All That Glitters

Rain poured from the dark night sky, falling across hill and valley, drenching the land that was quiet but for the splash of rainwater, and the hooves of a single horse beating across the sodden grass. The rider came on through the mist of the night, a young man, his features obscured by the thick hood of his cloak, urging his grey pony onwards. The black clouds hid the moon from view and there was no light to guide his path, only the grey smudge in the distance that was the Swadian city of Uxhal. Seeing the shape of buildings as he crested a rise in the ground, the horseman’s face showed relief beneath his hood. “At last,” he breathed, pausing but a moment as he rode on.

Leaning back in his oaken chair in the corner of an Uxhal inn, Bhorovda closed his eyes, listening to the sounds of the inn through his old ears, one of the few things about him that had not dulled in his old age. An inn is all about sound. It is the sound of people, full of singing and gossip, the scrape of chairs and the clack of beer mugs. He grew tired of seeing the same walls each day, the same tables, the same smoky haze and drunken dancing. The tankard before him was long empty, and he sat back to rest. His mind was full of memories still and it was only these that kept him from going insane, living such a dull life. He listened to the voices around him. Some of these men he had bounced on his knees as children, or enjoyed the awe of their wide eyes as he showed them his old pitted and notched blade. They had gathered around to hear tales of his past. Now they ignored him, an old relic himself, and shouted their own boastful tales of their future, all the while drinking themselves into senselessness. Where did it all go wrong?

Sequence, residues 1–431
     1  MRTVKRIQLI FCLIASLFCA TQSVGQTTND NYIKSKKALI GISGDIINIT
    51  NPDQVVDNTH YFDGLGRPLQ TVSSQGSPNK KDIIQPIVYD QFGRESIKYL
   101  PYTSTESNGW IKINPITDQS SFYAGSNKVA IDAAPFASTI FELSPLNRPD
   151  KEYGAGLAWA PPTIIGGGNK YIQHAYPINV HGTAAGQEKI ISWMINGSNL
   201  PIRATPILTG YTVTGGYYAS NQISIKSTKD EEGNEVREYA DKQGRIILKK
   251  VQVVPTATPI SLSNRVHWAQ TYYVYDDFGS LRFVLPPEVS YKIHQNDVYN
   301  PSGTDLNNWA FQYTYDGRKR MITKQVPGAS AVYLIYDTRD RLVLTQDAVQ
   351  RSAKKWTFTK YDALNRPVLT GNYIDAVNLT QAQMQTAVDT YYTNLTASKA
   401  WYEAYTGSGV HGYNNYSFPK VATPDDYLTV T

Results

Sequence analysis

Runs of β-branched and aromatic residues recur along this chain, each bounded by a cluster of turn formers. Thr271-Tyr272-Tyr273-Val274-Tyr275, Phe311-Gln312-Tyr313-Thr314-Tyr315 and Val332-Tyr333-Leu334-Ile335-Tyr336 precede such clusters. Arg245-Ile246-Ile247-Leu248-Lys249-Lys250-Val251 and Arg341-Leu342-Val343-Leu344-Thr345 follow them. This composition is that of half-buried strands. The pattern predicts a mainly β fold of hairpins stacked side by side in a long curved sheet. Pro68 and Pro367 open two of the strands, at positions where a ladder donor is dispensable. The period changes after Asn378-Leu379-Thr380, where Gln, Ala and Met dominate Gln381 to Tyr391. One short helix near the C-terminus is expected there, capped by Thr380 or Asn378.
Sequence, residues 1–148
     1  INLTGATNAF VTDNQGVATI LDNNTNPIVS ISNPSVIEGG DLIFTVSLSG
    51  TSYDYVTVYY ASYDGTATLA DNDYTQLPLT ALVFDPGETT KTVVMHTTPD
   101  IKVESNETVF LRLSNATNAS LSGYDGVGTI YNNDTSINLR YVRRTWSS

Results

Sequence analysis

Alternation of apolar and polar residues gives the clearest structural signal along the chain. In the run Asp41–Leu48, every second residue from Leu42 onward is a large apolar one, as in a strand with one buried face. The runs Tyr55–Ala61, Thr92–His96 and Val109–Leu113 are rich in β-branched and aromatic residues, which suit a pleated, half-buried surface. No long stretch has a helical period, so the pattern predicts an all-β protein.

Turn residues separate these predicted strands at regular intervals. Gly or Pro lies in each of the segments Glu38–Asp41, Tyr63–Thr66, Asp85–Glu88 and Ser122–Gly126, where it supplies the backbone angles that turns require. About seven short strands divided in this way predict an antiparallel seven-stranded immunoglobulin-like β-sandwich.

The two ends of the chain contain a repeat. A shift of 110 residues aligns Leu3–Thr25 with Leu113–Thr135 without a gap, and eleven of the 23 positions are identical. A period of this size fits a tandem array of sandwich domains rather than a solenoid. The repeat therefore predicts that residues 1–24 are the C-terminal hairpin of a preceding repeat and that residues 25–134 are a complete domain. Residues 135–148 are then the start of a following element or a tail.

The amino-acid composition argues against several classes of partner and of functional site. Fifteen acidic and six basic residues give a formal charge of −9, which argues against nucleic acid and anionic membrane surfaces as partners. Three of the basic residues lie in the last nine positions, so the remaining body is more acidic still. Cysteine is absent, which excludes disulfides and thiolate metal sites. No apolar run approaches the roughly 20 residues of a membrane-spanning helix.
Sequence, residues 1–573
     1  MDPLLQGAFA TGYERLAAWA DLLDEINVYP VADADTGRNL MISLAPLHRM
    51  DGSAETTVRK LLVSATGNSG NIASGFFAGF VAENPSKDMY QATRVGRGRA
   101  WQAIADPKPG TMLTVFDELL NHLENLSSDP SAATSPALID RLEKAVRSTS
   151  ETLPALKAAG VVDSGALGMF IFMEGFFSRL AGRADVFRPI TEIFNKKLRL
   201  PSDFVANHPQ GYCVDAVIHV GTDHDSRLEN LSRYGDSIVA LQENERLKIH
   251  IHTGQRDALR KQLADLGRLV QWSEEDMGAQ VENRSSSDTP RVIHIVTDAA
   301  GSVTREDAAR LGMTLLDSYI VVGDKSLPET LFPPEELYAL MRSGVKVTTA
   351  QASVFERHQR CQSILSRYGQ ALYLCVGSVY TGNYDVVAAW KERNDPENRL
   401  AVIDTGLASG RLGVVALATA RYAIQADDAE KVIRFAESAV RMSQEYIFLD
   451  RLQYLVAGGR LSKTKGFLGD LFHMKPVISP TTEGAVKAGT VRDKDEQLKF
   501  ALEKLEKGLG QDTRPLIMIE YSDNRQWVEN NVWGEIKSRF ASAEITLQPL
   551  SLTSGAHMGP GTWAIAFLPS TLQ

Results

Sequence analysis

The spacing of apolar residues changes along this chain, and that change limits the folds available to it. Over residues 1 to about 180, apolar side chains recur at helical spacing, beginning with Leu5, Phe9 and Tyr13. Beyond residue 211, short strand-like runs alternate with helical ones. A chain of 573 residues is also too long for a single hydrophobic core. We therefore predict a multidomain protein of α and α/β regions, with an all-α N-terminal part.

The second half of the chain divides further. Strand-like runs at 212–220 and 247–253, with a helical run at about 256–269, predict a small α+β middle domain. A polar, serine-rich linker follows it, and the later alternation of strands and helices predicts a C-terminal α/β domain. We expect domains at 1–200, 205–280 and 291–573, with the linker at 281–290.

There was no heroism or bravery in these times, Bhorovda thought. Armies were made of drafted levies, criminals and unwilling volunteers, with a select few professional soldiers who fought for gold, not glory. He remembered the blare of trumpets and the stirrings of hope at the Siege of Dhirim, when he had sallied out with the rest to fight or die against the Khergit cavalry and their Rhodok allies. Many had fallen on that grim day, collapsing to the battlefield like gruesome pincushions from some nightmare. But yet more had lived to take the battle to the foe. The Rhodok infantry in the centre had broken at the charge of a thousand knights and heavy cavalry, lances splintering against shields, maces pounding at fleeing skulls. His own lance had taken a crossbowman full in the chest, and stuck, so that he had been thrown from the saddle. It was told that a total of fewer than three hundred of the enemy alliance had escaped that bloody clash, the demoralised Khergits withering beneath the Swadian assault. Such memories, they floated through the mind of the old veteran now. The heroic souls had gone in these times, wasted in old age or lost unto death.